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May 2021

Victor Tapah

Victor Tapah

BSc (Hons) Nursing (Adult) 2019

1. Tell us about yourself

It’s slightly hard to talk about myself in general as this could be an endless story. I was born and bred in Cameroon with a background in Accounting and Finance.

The years I spent as an ‘undocumented individual’/asylum seeker and refugee changed my perception and meaning of life, wealth and happiness. I decided to take a risk and reoriented my profession towards something where my daily actions would make others smile. Thus, I found myself applying for nursing, without knowing exactly what was ahead. However, life is not a life without taking risks.

The daily challenges of life, either in Cameroon, or overseas, have given me a deeper life experience, which I use, not only as strength and determination to continue, but also to support and coach others. I love football and still play in the Sunday league for Coldhams Dons FC whenever possible. Before the pandemic, I also enjoyed DJing at friends' parties.

2. What is your fondest memory of Anglia Ruskin University?

My fondest memory of ARU is my first placement in a nursing home in December 2016. As a novice in the health field, I was sent to bring the commode and I walked into the sluice and could not find it, and do you know why? Because I was unable to differentiate between a commode and a bedpan.

Until now, I still remember the worry I had, and the doubt that I had created for myself as to whether I had made the best choice for myself. However, once back at university, I explained the situation to my tutor who found it funny, but motivated me to look forwards and understand that it takes time to get used to new situations. Additionally, my classmates, who later became friends, then colleagues, and who I now consider family, have been very supportive.

3. What has been your favourite job?

As a registered Nurse, you never know what to expect on your 12.5 hour shifts, especially in the intensive care unit where you are caring for extremely sick patients and some with complex needs.

4. In one word, how would you describe Anglia Ruskin University?


5. How did your time at ARU help you?

I joined ARU without any experience of the health sector, and today am a registered Nurse working in the Intensive Care Unit/Clinical Care Area in one of the best and largest Cardiothoracic hospitals, which is not by fortuity.

My tutors believed in me more than I did, and they supported me throughout my student experience. ARU took me through some key moments in my nursing journey, and today I try to bring my skills together and shape my way forward.

6. What did you love about your chosen course?

The combination of lectures, clinical skills sessions, tutor groups, presentations, and placements. The wide range of career opportunities, development, and progression and the reward of supporting, assisting, and caring for people and their family.

7. What advice would you give to current students as they’re preparing to graduate?

Don’t worry if you don’t feel like you’re prepared enough for your job. That feeling is normal and for sure you will never be fully prepared in a constantly evolving and unpredictable work environment. Who could have predicted COVID?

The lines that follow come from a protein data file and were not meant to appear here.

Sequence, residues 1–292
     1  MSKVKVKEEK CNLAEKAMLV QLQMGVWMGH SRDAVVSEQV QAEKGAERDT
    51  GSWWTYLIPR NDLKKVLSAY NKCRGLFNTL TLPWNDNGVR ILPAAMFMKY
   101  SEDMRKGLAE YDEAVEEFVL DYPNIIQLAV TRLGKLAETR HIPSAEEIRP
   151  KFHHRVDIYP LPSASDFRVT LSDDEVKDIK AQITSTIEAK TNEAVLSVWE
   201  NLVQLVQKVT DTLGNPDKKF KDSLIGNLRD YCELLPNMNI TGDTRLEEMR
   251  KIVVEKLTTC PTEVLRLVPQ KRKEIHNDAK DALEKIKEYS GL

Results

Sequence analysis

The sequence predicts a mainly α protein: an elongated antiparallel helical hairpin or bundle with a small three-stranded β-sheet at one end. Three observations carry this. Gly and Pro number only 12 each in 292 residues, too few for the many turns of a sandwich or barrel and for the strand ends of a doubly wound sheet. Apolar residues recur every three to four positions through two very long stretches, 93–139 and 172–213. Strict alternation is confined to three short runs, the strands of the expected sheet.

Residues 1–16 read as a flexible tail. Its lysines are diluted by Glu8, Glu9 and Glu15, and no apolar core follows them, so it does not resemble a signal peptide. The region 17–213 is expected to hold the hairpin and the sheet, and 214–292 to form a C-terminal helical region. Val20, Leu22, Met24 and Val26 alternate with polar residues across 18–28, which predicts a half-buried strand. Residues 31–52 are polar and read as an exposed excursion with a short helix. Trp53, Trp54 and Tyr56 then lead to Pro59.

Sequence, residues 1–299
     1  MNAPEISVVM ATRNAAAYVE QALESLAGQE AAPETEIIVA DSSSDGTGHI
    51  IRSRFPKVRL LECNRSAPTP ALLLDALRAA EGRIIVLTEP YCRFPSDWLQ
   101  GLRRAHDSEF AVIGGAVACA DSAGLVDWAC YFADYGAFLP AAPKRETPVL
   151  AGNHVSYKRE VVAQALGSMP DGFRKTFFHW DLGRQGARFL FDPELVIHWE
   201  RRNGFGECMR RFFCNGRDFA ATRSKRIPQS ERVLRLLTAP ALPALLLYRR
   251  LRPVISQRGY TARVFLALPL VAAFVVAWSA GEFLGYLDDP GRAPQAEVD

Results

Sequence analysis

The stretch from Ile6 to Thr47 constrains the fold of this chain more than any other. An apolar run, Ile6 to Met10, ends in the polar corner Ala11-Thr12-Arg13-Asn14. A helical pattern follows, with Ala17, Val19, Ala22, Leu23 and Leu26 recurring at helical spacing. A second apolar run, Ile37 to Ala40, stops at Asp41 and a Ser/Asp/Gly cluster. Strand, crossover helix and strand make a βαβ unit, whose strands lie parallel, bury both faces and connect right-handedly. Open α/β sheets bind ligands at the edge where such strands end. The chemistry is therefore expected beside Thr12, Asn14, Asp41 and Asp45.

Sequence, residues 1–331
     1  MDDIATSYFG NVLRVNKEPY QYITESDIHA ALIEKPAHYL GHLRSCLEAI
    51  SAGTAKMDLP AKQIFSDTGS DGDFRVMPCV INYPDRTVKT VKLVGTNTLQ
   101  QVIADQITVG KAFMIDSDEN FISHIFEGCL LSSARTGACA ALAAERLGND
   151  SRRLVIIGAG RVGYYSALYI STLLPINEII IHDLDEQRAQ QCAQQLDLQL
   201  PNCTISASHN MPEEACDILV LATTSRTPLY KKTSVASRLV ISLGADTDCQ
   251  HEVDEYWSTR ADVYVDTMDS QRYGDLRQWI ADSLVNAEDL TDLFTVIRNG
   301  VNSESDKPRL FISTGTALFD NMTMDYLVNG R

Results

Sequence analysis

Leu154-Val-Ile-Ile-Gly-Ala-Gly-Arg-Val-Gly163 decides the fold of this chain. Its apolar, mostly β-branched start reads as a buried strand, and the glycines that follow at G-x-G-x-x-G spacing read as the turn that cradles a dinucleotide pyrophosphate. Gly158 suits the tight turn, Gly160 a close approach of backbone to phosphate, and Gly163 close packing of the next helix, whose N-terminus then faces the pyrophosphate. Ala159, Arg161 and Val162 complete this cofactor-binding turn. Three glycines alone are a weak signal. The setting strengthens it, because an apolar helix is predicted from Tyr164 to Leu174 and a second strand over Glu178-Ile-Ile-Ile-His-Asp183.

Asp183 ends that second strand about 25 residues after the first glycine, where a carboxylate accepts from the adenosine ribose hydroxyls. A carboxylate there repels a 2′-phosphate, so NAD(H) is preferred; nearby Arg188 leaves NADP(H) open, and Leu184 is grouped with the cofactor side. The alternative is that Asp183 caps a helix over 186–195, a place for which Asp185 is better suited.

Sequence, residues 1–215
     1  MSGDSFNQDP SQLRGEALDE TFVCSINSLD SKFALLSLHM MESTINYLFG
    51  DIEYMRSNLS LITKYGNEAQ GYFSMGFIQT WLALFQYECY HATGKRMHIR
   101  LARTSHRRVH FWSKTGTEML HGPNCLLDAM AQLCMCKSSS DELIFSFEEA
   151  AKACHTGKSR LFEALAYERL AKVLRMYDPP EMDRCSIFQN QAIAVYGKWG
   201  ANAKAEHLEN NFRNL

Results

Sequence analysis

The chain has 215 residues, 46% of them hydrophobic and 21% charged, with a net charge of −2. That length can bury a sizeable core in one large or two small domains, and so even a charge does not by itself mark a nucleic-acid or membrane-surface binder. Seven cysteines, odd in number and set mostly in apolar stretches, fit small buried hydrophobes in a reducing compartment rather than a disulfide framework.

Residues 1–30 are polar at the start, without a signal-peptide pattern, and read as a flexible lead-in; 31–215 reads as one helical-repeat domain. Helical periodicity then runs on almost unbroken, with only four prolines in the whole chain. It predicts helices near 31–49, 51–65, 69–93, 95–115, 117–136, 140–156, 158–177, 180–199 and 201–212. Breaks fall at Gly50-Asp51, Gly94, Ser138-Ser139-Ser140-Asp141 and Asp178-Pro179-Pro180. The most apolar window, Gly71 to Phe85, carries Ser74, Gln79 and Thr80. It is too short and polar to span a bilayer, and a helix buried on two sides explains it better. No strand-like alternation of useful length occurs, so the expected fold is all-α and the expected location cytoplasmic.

Thus, go out and conquer the world. It will be hard, you will face challenges, doubt will enter your mind, but don’t give up or quit as people are there to help and support you. Take whatever is thrown at you with your head held up, learn and improve yourself.

8. What do you know now that you wish you had known whilst studying?

I wish I had known how hard and challenging my first year as a registered nurse would have been, in addition to how to work through a pandemic like COVID.

9. Who was the biggest influence on your career?

My parents who are unconditionally supportive, even without knowing what I am going through or doing. They still have my back and motivate me to see the positive side of things.

Also, most health professionals that I have come across so far have had an impact on my career; like my lecturers (Grahame Douglas, Dr Naim Abdulmohdi and many others), my mentors, colleagues, and friends. Nursing is a learning curve; hence you learn from every day and from everyone.

10. What advice would you give your younger self?

You are the only one that can stop yourself from thriving, since the only limits in your life are those that you create in your mind. Fear is a normal feeling for those who want to succeed as nothing great will come to you easily.

11. Tell us something about yourself that most people don’t know.

I became a Unison Steward/Rep at my workplace as a form of therapy for my stammer, as it gives me the opportunity to get over my difficulty of speech, whilst also meeting people from different working environments, and allowing me to develop and diversify my skills.

I am still fascinated with taxation and finance, so I still do some research on it as well.

12. What’s next?

As a health professional still fighting on the frontline of the pandemic, it’s hard to plan what’s next. Nonetheless, there is a willingness to develop and explore a variety of things. Maybe I’ll come back to ARU for further training, and maybe I’ll have a status other than refugee.

The biggest thing that’s dearest to my heart is to find support to develop and implement a forum/charity to coach, advise and offer better nursing in Sub-Saharan Africa in general.